Reviewer: Charity Bishop
Dickens' story about a mysterious benefactor, a haughty young woman, a kind-hearted boy and the eccentric older woman who brings them all together has captivated readers and film audiences for generations. Once we've met her, we never forget the woman in the rotting wedding gown much less the wonderful cast of characters that surround her. This new adaptation of Great Expectations is beautifully written and perfectly cast. It's worth however long you must wait to see it.
Young Pip (Toby Irvine) merely wants to visit the grave of his parents on Christmas Day. He never anticipated that a criminal (Ralph Fiennes) would loom up out of the mist and threaten him with violence unless he procures a file to help him out of his shackles. Frightened but kind-hearted, Pip steals not just a file but a meat pie as well. The tumult this causes at dinner is interrupted by soldiers in search of two escaped convicts. Magwitch is captured and hauled once more off to prison but before he goes, he confesses to the theft to keep Pip from the wrath of his bitter aunt.
This adventure sets the stage for another transition in his life, when Pip is invited to the home of Miss Havisham (Helena Bonham-Carter), a woman whose house is decaying as much as the wedding gown she hasn't removed since being jilted at the altar many years before, to act as a playmate to her ward, Estella (Helena Barlow). Though finding the girl haughty and cruel, Pip forms an attachment to her that is cruelly interrupted when he is purchased an apprenticeship with his uncle as a blacksmith and forbidden to return. Estella seems beyond his reach forever, until years later when Pip (Jeremy Irvine) is made the recipient of an enormous fortune. Leaving behind his kind-hearted uncle (Jason Flemyng) and best friend, Biddy (Jessie Cave), he journeys to London.
Mr. Jaggers (Robbie Coltrane) sets him up in an apartment with Herbert Pocket (Olly Alexander), but won't reveal who his benefactor is. And when Estella (Holliday Granger) resurfaces, Pip soon finds himself involved in social climbing as he unravels the mystery surrounding not only the woman he loves but also his inheritance.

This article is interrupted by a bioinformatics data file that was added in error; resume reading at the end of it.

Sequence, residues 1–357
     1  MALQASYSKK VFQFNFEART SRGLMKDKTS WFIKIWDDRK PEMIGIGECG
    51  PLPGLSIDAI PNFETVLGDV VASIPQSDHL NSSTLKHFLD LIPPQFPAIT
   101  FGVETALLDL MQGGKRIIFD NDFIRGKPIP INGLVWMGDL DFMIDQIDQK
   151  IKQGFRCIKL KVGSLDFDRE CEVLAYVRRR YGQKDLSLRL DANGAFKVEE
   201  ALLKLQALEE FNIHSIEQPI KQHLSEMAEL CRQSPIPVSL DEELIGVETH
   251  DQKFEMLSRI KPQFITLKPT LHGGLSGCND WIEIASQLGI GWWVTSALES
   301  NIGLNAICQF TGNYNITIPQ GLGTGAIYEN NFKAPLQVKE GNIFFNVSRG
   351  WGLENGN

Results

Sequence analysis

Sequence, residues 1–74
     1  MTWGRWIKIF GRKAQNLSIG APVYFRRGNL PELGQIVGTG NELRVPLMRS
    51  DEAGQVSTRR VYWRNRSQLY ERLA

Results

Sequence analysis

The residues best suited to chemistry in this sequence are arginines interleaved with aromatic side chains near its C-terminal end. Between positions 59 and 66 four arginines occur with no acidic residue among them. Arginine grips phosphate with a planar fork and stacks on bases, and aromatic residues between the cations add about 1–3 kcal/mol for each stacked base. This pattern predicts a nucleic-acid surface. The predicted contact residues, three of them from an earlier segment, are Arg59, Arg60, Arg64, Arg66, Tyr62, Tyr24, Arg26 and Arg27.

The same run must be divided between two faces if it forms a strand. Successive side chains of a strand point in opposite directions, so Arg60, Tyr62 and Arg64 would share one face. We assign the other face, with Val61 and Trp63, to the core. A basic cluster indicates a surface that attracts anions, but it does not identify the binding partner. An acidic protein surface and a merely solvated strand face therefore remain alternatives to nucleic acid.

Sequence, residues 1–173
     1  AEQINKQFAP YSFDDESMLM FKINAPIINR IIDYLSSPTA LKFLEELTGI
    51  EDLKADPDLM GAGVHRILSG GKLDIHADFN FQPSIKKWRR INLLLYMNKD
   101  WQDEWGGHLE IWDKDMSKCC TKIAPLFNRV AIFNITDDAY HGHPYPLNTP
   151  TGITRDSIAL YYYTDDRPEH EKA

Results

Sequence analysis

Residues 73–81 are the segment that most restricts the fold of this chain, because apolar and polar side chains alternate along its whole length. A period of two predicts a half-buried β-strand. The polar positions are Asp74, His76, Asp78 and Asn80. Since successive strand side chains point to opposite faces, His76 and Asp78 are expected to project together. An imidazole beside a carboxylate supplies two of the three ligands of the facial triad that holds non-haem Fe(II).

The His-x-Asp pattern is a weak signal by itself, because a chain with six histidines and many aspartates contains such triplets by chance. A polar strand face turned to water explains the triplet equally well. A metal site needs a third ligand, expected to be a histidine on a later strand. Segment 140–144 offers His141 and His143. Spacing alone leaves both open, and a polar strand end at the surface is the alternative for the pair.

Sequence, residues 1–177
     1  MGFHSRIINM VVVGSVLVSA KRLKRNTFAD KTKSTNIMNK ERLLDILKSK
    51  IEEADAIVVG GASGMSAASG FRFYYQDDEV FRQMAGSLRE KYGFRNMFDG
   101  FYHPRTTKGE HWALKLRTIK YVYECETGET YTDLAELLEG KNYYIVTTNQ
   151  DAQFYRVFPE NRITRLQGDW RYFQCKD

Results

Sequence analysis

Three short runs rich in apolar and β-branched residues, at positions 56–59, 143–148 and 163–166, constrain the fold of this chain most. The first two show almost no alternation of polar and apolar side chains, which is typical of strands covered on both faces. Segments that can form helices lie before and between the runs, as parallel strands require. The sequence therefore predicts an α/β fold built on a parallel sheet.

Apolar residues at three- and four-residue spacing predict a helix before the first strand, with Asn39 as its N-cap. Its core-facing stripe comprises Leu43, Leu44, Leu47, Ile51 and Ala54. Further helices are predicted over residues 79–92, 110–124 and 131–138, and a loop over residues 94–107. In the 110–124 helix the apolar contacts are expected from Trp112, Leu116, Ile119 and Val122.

Since this film is just over two hours long, it doesn't detail every nuance of Pip's life and his experiences with other characters in the way the miniseries from last year does, but it's one of the best short Dickens adaptations I have ever seen. It chooses its contents carefully so as to offer us delightful moments that aren't too familiar, in addition to the anticipated revelations and twists and turns. Here present is the little drawbridge of Mr. "Portable Property" Wemmick, as well as the character of Biddy. If anything suffers from the condensed plot, it's that we don't see much of a change in Pip's behavior (this makes him likable throughout, rather than frustrating at times). But I didn't mind it so much because the cast was so wonderful -- and many of them are "unknowns." Helena burst out of her usual "crazy" to play a downright pathetic Miss Havisham. This Estella has simmering emotions beneath the surface, and Pip is terrific. But if anyone stood out, it's Olly Alexander as Herbert Pocket, who completely steals the movie.
The costuming is sumptuous, the score subtle but powerful at the right moments, and I love how the director handled even the more unusual shots, which never take you out of the film but do compliment the lovely cinematography. Fans of the book should know that this adaptation, like many of them, changes the ending to make it more "likable" to modern audiences. I've become so used to these endings that I didn't mind. My only complaint was the "squished" filter on some of the flashbacks, but that minor fault aside, there was never a moment I was not in love with it.
Cleavage in the period gowns.
A few mild profanities.
Two men try and kill one another in a swamp (one tries to drown the other); flashbacks show a woman strangling another woman, and the second woman stabbing her arms with a knife (no contact, some bloody aftermath). Two men struggle in the water and are caught up in a boat's water wheel; a man surfaces bloodied. Someone catches on fire and is shown badly burned (bloody/burned face and hands, before they die).